While you are observing from a safe distance, pay attention to the kittens’ appearance and their surroundings. If the kittens appear healthy, and in a relatively safe location, they can survive without mom longer than if they are sickly, and in the middle of a muddy yard. 

  • Does their fur look healthy, full and fluffy? OR Are they dirty? Sickly? Eyes crusty?
  • Are they sleeping quietly? In a heap? OR Are they crying? Squalling?
  • Are they dry? OR Are they wet/soaked?

Assess the environment

Are the kittens in IMMEDIATE danger from:

  • Heavy rain? Standing water/flooding?
  • Wild animals? Dogs?
  • Traffic – pedestrian foot traffic? Bicycles or cars?

If the kittens appear healthy, but are not in a safe location, try placing them in a box or similar shelter in a safe spot as close to where you found them as possible, and continue to observe for mom. 

Know that healthy kittens can survive several hours without food as long as they are warm. Neonatal kittens are much more at risk of hypothermia than they are of starvation. During typical ‘kitten season’ (during the late spring and summer months), waiting a longer time to see if mom will come back is usually very safe.

When the mother returns

If the kittens are less than six weeks old, leave them with their mother unless they appear sick, injured, or if their safety is threatened by their environment (see above)

When you do see the mother cat, encourage her to approach you - entice with wet food, deli meat, etc - to see if she is social and friendly. If she is comfortable with people, she may in fact be someone's lost pet. You can report the cat and her litter as "found" on the MCAS found pet directory, and follow other tips and instructions (see Resources below) of how to care for the cats or find an owner. 

If the mother doesn't appear to be comfortable around people, you can report the cat and her litter as "found" on the MCAS found pet directory, and follow other tips and instructions on how to find an owner, and how to care for the cats - either inside or outside (see Resources below).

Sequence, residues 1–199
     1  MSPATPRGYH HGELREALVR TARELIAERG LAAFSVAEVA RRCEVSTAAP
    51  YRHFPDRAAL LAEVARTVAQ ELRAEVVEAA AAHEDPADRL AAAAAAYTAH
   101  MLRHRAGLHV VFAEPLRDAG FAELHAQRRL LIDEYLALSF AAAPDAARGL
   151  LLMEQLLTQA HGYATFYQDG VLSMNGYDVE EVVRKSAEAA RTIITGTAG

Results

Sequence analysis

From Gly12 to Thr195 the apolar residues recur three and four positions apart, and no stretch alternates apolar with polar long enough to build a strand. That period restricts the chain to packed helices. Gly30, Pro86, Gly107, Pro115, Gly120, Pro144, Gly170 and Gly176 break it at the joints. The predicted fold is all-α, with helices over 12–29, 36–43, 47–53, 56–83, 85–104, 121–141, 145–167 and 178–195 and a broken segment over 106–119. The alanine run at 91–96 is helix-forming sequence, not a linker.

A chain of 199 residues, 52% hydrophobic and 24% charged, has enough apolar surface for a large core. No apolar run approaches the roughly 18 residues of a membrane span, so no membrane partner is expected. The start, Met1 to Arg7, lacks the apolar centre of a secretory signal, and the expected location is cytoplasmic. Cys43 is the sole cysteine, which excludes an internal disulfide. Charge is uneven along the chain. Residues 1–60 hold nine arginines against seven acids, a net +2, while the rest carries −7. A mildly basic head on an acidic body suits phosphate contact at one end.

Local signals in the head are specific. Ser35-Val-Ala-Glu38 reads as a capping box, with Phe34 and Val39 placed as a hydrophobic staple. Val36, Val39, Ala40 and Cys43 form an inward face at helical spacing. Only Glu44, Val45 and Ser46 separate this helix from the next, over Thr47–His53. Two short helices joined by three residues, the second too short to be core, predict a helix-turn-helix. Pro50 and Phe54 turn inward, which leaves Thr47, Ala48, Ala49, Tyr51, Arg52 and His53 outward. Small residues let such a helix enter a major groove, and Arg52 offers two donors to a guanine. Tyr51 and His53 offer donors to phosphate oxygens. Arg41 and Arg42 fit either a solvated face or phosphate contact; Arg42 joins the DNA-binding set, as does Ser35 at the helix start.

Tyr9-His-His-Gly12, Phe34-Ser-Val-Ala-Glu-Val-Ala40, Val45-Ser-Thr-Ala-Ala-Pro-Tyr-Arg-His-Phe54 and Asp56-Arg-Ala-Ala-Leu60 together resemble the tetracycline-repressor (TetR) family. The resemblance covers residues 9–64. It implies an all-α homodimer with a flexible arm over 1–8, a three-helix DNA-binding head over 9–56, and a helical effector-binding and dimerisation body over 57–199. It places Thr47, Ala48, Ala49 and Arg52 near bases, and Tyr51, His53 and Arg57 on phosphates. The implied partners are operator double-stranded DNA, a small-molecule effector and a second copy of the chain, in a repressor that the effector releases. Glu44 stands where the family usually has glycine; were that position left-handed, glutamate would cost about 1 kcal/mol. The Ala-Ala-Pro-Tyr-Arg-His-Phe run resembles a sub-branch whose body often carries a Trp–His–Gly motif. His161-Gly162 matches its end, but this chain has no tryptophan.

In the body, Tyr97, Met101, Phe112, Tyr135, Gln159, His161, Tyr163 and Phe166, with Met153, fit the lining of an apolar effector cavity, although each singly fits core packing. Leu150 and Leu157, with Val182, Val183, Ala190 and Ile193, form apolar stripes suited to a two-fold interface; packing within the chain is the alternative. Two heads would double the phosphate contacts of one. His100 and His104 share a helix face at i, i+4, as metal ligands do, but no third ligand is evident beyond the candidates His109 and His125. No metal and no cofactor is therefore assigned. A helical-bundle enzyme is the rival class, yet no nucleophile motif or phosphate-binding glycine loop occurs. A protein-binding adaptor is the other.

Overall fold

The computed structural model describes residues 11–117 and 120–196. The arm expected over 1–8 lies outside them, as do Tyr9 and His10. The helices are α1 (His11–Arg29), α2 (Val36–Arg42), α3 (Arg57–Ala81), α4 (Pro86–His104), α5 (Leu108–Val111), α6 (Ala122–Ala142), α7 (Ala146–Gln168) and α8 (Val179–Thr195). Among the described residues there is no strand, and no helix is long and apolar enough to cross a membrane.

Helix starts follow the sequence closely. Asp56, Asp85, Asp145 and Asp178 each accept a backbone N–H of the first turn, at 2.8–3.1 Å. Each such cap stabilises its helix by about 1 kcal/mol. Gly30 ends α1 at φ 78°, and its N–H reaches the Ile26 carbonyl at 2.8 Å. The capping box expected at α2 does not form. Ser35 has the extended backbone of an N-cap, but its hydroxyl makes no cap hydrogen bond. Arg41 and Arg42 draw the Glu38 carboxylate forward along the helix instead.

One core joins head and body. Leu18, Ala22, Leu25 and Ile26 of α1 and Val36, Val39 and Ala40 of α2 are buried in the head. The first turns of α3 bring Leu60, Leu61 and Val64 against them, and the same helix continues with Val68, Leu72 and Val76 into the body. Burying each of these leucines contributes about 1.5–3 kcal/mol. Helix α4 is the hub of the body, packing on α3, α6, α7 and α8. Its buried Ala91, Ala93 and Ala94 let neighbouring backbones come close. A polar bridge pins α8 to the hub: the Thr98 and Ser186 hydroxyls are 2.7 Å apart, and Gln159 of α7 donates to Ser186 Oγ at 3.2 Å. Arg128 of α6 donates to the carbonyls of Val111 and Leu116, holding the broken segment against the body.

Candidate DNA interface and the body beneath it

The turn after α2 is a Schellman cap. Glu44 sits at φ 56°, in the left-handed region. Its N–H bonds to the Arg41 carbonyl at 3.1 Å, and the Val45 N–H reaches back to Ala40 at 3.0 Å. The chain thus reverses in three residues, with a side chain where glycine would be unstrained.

If the mother doesn't return

It’s important for their chances of survival to not take kittens away from their mother if they haven’t been weaned from her milk. Pre-weaned kittens (under 6 weeks) without a mother are very difficult to care for and have a high mortality rate. They require frequent feedings of kitten milk replacer formula day and night, and many "fail to thrive" without the care of their mother, even with all necessary veterinary care and experienced foster volunteers.

Only bring the kittens to the shelter if, after watching for 4-6 hours, you are 100% certain the mother is not returning.

If the mother hasn’t returned within 4-6 hours:

  • You can care for the kitten(s) in your home (MCAS has kitten care packs available, see resources below). If kittens are over six weeks old, be sure to post a found report on our website.

-OR-

  • If you are unable to care for the kittens yourself, please contact MCAS immediately for help. Call 503-988-7387.

For Kittens Six Weeks to Twelve Weeks Old

Kittens 6-12 weeks old are at the ideal age to be socialized and adopted. You can bring them in a carrier with a towel or blanket to MCAS.